Monthly Archive: March 2009

Reschooling Tool #20: Ritual Bonfire

I’ve decided that there’s no better way to say goodbye to your past than to commit it to the flames. Ancient cultures like the Celts used bonfires for purification and consecration, and it turns out that knew what they were doing.¬†Tonight I had my first ritual bonfire, and I feel an unexpectedly strong sense of closure.

My sister, Gill, and I are both visiting our parents this week and made a pact to clear the clutter from our childhood bedrooms. Items like clothing and even books weren’t so hard to sort through, but it was the paper clutter that was more challenging to deal with. We each had boxes or drawers full of handwritten notes, term papers, and report cards. Going through these one by one would be time consuming and would bring up old emotions, so we had put off doing it for years. Now was the time.

Late in the evening, Gill and I emerged from our bedrooms with armfuls of papers and stacked them on the living room floor. Gill took a pile of her folded-up junior high notes from friends, skimmed a couple of them, and placed them inside our long-neglected family fireplace. She then struck a match and dropped it on top of the carefully folded pieces of binder paper, watching the paper ignite. The orange flames licked the corners of the pages and curled up the edges. They began to crumble into black ash.

“Ahh, that felt good,” she said. “Your turn.”

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Reschooling Tool #19: Touch the Past and Let it Go

I spent last evening sitting on the living room floor of my childhood home, letting go of hundreds of pages of old letters. This is something that I never thought I could do.

For most of my life, I have been exceptionally sentimental. I suppose it comes with the writer’s temperament, because you’re always collecting experiences to capture in words. And once you write about them, there they stay, preserved forever. Romanticizing and immortalizing the past makes it harder to let go.

Darren‘s mom, Jill, pointed out to me that Catholics may be especially likely to hang onto physical representations of the past. Much of the Catholic ritual centers on sacred objects: the Communion wafer, the priest’s vestments, or relics from the Holy Land. Unlike the Buddhists, whose monks may travel around with only a robe and rice bowl, Catholics bundle up much of their meaning in things. Do the math: Cradle Catholic + romantic writer = memory packrat.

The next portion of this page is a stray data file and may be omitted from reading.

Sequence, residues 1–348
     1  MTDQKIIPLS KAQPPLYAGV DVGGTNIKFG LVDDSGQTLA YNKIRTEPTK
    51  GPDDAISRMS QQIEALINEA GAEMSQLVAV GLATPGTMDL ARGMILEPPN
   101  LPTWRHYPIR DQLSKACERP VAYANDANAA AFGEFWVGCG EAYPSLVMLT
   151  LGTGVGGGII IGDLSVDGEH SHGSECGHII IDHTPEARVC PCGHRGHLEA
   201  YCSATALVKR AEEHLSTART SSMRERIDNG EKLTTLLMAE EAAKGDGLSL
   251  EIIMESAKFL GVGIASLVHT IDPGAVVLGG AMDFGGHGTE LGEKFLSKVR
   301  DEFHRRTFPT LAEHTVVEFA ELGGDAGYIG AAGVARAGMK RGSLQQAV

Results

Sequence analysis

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New City, New Culture, New Life

Darren and me at Bass Pro Shops, like Disneyland for hunting and fishing.

Bass Pro Shops, the perfect union of a hunting and fishing shop, Sam's Club, and Disneyland.

I’ve been thinking lately how crazy it is that my life and environment could change so much within the last year. Nine months ago, I was living with two roommates on a busy street in the San Francisco Mission District. Two months ago, I was living with my folks at my childhood home in Sonoma while I went back to school. Now, I’m living with Darren in a quiet, tree-lined neighborhood in Jackson, Mississippi, indefinitely.

Careerwise, I worked much more than full-time for years at Spark running youth programs, then became a student again in the fall during my intense three-month period of reschooling. This spring, I’m trying out freelance writing and seeing if I’m able to work completely on my own time. For now, I’m grateful that my phone stays mostly quiet, and my calendar isn’t booked up with meetings and coffee dates. My fast food and red meat consumption has gone up probably 500% (given that I used to eat hardly any), but so has my amount of exercise and sleep.

The other night, I felt like a real Jackson resident for perhaps the first time. Someone mentioned that the writer Ellen Gilchrist is from Mississippi, and without thinking about it, I felt proud to be a fellow southerner.

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